They should all be urged to stand down and not get in the way of a Myanmar-resistance-driven negotiation with the SAC – when the time is right, and that time is not now.
If Suu Kyi is eventually involved in any future public talks, she shouldn’t be the central figure. Those days are well and truly over, there is no time machine for the Lady and the Generals to try it all over again.
The SAC has stirred a more existential insurrection that wants the military smashed, not sidled up to.
David Scott Mathieson is an independent analyst working on conflict, humanitarian and human-rights issues.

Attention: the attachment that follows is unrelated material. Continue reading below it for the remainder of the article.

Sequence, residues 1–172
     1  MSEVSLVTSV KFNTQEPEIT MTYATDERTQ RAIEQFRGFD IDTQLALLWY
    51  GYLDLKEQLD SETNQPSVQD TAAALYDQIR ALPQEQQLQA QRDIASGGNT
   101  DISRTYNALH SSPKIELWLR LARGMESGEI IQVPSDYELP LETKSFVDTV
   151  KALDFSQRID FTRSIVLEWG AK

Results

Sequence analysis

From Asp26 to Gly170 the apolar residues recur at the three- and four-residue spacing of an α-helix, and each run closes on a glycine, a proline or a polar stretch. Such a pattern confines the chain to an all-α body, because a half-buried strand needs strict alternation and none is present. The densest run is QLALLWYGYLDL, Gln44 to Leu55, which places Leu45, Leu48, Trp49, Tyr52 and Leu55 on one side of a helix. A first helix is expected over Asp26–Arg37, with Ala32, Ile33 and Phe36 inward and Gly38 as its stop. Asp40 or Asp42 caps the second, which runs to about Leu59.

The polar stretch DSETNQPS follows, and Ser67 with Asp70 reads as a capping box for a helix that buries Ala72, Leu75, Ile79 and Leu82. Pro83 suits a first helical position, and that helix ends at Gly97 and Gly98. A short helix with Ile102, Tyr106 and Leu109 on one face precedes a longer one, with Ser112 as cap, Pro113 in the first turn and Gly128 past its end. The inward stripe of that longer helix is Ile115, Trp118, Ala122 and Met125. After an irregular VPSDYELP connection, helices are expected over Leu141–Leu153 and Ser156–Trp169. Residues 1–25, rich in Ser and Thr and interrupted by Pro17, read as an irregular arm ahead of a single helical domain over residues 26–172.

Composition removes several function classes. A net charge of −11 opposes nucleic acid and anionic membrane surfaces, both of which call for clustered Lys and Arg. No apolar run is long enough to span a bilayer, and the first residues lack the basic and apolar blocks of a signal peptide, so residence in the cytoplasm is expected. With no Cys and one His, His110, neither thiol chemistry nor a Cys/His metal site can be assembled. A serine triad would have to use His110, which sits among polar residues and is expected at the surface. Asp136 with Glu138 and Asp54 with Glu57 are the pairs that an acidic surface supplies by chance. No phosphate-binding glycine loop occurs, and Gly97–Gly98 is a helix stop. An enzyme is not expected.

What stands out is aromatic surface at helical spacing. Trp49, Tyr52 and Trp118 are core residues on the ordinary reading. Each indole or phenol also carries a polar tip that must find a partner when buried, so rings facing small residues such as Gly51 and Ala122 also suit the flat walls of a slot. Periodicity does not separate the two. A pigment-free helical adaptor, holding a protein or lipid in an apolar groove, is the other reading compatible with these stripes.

She was also inspired by Buddhism. Aung San Suu Kyi worked for democracy and helped make the National League for Democracy on September 27th 1988. Because Suu Kyi was fighting against the government, she was asked to leave the country, but she did not.Who is the ex leader of Myanmar? ›
Aug 1 (Reuters) - Myanmar's ruling military pardoned on Tuesday jailed former leader Aung San Suu Kyi on five of the 19 offences for which she was convicted but she will remain under house arrest, state media and informed sources said.Why did Burma change to Myanmar? ›
As for the country's name, the commission decided to replace the English name "Burma" with "Myanmar", for three reasons. First, Myanma is the official name of the country in the Burmese language, and the aim of the commission was to have English place names aligned with Burmese place names and pronunciation.What is the old name of Myanmar? ›